After a decade of easy monetary policy, last year saw the UK raise interest rates for the first time since 2007 and three separate hikes by the US Federal Reserve. And yet, at the same time, fixed income funds took in more than £14bn from UK retail investors – the highest level ever recorded.
So why, after years of warnings over the risk of higher base rates, are investors piling into bonds at a decidedly risky time?
The answer is strategic bond funds. Investors’ desire for fixed income flexibility meant these ‘go-anywhere’ portfolios took in more than half of the fixed income total – £7.5bn – making the sector the most popular of the 38 categories in the Investment Association universe.
In doing so, fund buyers may be implicitly accepting the best of a bad lot: whatever happens to bonds, few are willing to divest from the asset class entirely, particularly given the diversification benefits that fixed income usually provides in relation to equity positions. That means they must find ways to mitigate the damage.
Strategic bond funds, which can short the asset class, are sometimes seen as a way of doing exactly that. The reality, however, is often somewhat different. No fund in the sector is net short, and many are full of high-yield bonds – which have performed well but are more correlated with equities than the typical bond fund buyer may wish.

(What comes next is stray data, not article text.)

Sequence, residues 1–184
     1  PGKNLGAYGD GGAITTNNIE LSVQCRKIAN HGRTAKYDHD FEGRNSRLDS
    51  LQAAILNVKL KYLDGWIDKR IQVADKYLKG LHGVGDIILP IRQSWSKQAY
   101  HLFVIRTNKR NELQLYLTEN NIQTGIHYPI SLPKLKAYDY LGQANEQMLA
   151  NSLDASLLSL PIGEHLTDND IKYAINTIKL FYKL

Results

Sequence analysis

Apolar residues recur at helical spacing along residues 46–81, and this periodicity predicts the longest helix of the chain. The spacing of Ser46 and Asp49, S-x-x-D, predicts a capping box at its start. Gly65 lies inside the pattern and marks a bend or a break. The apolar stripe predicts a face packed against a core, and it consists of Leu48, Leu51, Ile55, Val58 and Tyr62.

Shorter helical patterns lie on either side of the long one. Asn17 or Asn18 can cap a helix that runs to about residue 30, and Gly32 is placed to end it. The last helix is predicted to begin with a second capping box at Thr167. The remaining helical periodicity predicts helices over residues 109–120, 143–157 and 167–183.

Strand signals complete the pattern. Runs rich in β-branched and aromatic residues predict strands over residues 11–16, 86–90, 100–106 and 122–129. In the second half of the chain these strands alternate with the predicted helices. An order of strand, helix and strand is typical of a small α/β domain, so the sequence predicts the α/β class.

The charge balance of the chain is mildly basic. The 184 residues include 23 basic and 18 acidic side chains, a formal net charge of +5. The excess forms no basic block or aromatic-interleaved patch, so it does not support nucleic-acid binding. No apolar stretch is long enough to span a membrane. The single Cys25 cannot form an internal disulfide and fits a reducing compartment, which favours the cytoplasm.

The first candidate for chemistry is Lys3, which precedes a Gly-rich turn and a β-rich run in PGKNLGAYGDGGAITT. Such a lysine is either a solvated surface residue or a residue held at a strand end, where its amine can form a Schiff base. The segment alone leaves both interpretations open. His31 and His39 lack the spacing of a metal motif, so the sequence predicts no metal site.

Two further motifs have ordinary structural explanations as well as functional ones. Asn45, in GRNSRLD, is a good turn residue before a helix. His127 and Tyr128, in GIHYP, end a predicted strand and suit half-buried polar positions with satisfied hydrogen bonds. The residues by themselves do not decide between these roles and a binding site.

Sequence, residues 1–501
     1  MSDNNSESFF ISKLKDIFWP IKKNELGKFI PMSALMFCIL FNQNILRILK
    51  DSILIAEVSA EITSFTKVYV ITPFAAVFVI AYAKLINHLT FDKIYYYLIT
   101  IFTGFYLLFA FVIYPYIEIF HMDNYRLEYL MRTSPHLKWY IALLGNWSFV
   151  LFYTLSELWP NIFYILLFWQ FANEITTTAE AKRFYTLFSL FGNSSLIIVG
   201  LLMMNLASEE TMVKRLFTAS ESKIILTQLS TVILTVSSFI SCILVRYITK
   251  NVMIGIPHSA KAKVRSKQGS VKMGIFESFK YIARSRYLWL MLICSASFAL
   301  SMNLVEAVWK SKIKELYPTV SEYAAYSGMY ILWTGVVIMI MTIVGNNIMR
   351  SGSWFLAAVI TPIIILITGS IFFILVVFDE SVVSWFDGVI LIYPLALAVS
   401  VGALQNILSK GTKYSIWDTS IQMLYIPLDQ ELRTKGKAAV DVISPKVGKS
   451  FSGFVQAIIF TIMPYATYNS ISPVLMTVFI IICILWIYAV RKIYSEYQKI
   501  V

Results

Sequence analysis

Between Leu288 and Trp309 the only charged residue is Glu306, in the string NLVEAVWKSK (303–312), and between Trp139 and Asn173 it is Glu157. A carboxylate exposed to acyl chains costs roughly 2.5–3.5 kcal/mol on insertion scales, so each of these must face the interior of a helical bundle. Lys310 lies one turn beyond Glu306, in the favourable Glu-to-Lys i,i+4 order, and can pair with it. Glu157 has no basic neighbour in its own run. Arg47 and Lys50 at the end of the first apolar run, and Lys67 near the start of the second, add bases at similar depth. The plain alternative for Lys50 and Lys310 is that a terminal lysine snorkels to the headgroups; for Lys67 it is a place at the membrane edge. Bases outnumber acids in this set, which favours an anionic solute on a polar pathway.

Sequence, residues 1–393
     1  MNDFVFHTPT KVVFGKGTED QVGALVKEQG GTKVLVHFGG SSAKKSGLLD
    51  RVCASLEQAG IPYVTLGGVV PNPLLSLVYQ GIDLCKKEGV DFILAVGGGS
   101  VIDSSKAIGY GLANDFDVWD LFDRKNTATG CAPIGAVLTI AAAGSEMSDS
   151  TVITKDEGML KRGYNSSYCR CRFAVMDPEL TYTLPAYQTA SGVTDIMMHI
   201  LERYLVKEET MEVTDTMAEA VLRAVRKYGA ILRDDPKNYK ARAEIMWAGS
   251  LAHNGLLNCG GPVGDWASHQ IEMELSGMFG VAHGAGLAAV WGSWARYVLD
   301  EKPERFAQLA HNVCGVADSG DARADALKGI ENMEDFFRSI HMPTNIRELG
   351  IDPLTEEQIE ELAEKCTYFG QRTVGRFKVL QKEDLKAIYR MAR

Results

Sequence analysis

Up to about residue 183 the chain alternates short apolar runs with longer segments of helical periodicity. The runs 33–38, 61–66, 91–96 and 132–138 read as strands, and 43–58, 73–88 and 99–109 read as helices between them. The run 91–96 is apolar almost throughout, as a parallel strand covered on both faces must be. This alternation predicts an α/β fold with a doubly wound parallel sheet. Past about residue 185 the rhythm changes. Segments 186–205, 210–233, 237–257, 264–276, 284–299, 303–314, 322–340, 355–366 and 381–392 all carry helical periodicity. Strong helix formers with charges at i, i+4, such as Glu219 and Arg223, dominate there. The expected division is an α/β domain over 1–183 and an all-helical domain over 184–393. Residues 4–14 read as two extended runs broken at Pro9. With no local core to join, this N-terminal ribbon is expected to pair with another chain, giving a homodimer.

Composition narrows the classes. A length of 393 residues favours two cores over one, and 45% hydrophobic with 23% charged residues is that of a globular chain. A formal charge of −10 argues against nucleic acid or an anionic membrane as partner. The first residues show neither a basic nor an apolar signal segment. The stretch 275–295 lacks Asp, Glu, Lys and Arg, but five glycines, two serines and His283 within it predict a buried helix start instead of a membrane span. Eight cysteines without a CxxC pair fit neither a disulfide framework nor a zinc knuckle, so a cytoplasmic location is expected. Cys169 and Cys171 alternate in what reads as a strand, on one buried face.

Last month’s Investment Insight feature outlined some of the worries facing ‘junk’ bonds. Years of strong returns have made some investors cautious, and there are signs that ‘late cycle’ imprudence is creeping into the way sellers offer their debt to the market.
The typical strategic bond offering has a third of its assets in these riskier bonds, according to Money Management analysis of 15 funds in the sector explicitly named Strategic Bond. There is nothing inherently wrong with this strategy, of course: high-yield bonds are not doomed to a period of underperformance. Of more concern to advisers may be the number of portfolios that decline to break down the credit rating of their underlying assets. At a time when the potential downsides for fixed income are front and centre, this lack of transparency is unlikely to be welcomed by fund selectors.
One of the advantages of sizeable high-yield holdings is the income on offer from these bonds. With absolute return bond funds now offering an even more cautious take on the asset class, the need for income – as much as flexibility – has played a key role in strategic bond funds’ rise to the top of the sales charts.
Indeed, the average portfolio in Table 1, which details the best-performing funds in the sector over five years, has a yield of 4.1 per cent. That is higher than most equity income funds, let alone corporate or government bond portfolios.
Yield has become even more important as capital losses start to materialise. The table also shows that many of the top 20 funds over five years have struggled across the past 12 months, even when their income payouts are taken into account.